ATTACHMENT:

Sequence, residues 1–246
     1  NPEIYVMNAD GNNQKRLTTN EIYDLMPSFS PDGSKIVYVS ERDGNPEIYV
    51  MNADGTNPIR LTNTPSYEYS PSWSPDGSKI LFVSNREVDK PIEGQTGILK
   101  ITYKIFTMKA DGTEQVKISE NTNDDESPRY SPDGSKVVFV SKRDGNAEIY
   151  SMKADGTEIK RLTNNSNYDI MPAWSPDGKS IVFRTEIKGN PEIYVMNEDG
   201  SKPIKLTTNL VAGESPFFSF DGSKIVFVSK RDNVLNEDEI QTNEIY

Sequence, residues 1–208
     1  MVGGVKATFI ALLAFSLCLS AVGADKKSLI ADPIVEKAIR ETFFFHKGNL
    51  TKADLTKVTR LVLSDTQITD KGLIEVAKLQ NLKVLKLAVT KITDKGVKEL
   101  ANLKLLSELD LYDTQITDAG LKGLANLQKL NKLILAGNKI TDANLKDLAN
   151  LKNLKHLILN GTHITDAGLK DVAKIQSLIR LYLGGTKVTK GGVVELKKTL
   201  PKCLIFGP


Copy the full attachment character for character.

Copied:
Sequence, residues 1–246
     1  NPEIYVMNAD GNNQKRLTTN EIYDLMPSFS PDGSKIVYVS ERDGNPEIYV
    51  MNADGTNPIR LTNTPSYEYS PSWSPDGSKI LFVSNREVDK PIEGQTGILK
   101  ITYKIFTMKA DGTEQVKISE NTNDDESPRY SPDGSKVVFV SKRDGNAEIY
   151  SMKADGTEIK RLTNNSNYDI MPAWSPDGKS IVFRTEIKGN PEIYVMNEDG
   201  SKPIKLTTNL VAGESPFFSF DGSKIVFVSK RDNVLNEDEI QTNEIY

Sequence, residues 1–208
     1  MVGGVKATFI ALLAFSLCLS AVGADKKSLI ADPIVEKAIR ETFFFHKGNL
    51  TKADLTKVTR LVLSDTQITD KGLIEVAKLQ NLKVLKLAVT KITDKGVKEL
   101  ANLKLLSELD LYDTQITDAG LKGLANLQKL NKLILAGNKI TDANLKDLAN
   151  LKNLKHLILN GTHITDAGLK DVAKIQSLIR LYLGGTKVTK GGVVELKKTL
   201  PKCLIFGP